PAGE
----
One by one, cars pulled up in front of Table of Hope Metropolitan Community Church and rolled down their windows.
The Rev. Jackie Carter, pastor of the church, and Shaun-Michael Morse, worship director, rushed up to the open windows, marking the sign of the cross on the forehead of drivers and passengers in ash. Some also took communion.
“May you go forth on this day and live a life that has been forgiven and renewed by Jesus Christ,” Carter said before people drove away.
It was the first time Table of Hope has offered ashes at the curb, a growing “ashes to go” trend that has ranged from California to Alabama.
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Morse joked that it was a little bit like a fast-food drive-through, with the church offering two choices of ashes: regular ash or glitter ash, the latter in support of LGBT Christians. For communion bread, the church offered two choices as well: gluten-free or regular.
Ash Wednesday is the seventh Wednesday before Easter, marking the beginning of Lent. The practice of receiving ashes as a symbol of repentance and a reminder of a human being’s eventual return to dust has spread beyond Catholic, Anglican and Episcopal churches into many other congregations like Table of Hope.
Driving by on his lunch break, Richard Laurinec rolled down his window and asked for regular ashes, traditionally made from burned palm fronds.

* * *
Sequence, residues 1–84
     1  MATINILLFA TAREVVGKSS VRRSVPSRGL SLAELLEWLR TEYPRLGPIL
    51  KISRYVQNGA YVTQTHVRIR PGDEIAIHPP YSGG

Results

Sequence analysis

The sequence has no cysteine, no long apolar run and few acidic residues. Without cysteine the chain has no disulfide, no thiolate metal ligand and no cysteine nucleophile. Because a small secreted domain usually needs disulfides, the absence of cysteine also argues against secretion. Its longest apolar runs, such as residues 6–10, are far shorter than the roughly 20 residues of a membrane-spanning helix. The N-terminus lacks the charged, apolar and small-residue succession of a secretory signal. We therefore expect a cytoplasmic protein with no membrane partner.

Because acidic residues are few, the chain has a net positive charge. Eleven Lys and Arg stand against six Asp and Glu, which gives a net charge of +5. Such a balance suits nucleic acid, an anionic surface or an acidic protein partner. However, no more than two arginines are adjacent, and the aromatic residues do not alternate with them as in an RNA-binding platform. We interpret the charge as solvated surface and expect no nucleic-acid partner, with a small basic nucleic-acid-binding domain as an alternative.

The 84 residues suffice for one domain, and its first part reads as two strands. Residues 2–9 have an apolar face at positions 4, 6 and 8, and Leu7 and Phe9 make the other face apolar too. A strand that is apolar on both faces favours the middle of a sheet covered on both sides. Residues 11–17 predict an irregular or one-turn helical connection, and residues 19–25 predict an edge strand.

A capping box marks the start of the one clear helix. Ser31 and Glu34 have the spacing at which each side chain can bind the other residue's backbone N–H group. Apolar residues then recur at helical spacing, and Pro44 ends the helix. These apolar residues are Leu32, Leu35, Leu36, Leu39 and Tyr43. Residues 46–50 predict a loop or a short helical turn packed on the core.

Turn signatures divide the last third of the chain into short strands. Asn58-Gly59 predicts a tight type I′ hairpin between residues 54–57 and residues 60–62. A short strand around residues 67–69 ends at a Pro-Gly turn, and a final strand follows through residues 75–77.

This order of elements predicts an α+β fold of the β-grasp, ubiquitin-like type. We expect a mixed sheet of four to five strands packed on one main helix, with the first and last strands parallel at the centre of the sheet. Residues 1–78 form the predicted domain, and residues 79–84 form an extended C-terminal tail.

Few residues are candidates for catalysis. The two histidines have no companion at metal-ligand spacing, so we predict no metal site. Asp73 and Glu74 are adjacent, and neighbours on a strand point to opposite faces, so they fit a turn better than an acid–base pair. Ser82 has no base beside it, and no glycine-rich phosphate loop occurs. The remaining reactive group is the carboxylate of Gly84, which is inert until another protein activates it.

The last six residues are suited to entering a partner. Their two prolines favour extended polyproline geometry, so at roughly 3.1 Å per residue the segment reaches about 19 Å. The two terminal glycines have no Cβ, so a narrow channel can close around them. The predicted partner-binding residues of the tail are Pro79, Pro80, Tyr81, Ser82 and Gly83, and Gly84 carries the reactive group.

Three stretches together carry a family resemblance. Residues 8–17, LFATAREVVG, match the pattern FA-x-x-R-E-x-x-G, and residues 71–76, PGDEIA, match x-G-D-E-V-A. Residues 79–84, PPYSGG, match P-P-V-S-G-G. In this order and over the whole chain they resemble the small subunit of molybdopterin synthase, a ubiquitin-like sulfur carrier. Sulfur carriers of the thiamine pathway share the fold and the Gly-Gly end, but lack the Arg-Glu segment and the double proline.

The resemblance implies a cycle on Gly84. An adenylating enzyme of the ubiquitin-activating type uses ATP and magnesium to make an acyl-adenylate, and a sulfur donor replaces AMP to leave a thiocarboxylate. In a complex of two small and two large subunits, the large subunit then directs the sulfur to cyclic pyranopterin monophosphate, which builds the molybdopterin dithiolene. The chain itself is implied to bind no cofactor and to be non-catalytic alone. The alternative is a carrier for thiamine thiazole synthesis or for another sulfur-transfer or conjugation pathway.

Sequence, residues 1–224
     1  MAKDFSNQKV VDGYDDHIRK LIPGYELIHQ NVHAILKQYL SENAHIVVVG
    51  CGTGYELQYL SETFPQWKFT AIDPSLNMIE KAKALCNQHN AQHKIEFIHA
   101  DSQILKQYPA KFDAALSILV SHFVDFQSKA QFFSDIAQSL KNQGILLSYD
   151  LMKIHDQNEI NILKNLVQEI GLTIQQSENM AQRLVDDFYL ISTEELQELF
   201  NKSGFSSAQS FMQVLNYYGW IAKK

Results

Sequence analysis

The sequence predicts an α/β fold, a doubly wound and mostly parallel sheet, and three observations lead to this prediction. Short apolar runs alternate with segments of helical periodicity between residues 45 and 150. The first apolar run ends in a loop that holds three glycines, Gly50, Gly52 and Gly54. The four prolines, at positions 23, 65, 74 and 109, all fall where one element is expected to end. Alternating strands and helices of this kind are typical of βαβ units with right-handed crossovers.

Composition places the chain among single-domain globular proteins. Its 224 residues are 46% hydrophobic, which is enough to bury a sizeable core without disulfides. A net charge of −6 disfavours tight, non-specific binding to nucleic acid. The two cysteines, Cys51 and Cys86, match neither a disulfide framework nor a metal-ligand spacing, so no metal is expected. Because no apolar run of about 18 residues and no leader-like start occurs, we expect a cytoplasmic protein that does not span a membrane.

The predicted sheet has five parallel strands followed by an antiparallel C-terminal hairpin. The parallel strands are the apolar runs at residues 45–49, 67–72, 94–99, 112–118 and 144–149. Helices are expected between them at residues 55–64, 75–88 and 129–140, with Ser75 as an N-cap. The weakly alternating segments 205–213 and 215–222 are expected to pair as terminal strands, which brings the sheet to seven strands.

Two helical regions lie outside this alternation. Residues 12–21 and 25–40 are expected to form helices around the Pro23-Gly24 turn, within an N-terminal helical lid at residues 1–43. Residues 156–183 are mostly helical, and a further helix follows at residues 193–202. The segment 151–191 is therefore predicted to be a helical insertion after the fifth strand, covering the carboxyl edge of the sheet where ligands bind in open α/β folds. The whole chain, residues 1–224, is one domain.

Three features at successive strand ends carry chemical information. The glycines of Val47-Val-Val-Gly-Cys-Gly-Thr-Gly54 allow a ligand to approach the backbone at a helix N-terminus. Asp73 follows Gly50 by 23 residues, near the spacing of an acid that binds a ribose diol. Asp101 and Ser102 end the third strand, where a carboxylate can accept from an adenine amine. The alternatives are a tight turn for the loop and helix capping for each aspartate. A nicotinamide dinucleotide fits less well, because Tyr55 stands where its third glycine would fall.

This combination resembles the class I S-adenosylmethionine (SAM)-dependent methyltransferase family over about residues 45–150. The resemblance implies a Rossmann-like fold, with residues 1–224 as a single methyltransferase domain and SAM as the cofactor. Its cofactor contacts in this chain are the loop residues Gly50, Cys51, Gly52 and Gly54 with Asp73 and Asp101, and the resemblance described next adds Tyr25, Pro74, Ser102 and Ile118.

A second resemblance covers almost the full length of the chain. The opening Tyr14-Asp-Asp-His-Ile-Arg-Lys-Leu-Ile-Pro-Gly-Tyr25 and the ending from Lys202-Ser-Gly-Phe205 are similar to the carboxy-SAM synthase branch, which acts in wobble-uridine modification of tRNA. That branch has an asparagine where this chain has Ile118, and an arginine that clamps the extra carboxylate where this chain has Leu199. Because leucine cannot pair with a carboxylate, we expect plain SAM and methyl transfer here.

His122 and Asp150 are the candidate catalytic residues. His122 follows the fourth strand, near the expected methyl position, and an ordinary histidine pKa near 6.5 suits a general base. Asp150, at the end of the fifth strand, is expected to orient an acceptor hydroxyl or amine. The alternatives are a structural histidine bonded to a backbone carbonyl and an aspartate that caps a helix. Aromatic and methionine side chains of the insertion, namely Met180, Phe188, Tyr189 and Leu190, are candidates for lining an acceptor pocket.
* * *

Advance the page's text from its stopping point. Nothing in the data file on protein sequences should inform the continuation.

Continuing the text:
A Catholic, Laurinec said he decided to take Table of Hope up on its offer of ashes “to go” since he works until 6 p.m., then has classes after work. Because of his schedule, he won’t be able to attend an Ash Wednesday church service.
“I’m sure a lot of people won’t like me doing it, but I can’t miss it (receiving the ashes),” Laurinec said.
Having his forehead marked with ash means “everything” to his faith, Laurinec said before driving back to work.
Some who arrived to receive ashes said they chose to do so because they wouldn’t be able to attend an Ash Wednesday service. Others were members of Table of Hope who would have attended an indoor service.
For some, the rites offered by the curb were more accessible than they would have been indoors, since Table of Hope must be entered by a flight of stairs.
Carter, the church’s pastor, said she hoped offering ashes at the curb might also encourage people who have been hurt by the church and who may not be comfortable entering a church building.
“This creates space that we’re all very comfortable in, out of doors,” Carter said. “It makes it far more accessible for people who don’t have a faith background but want to at least explore what would faith look like. That’s our hope.”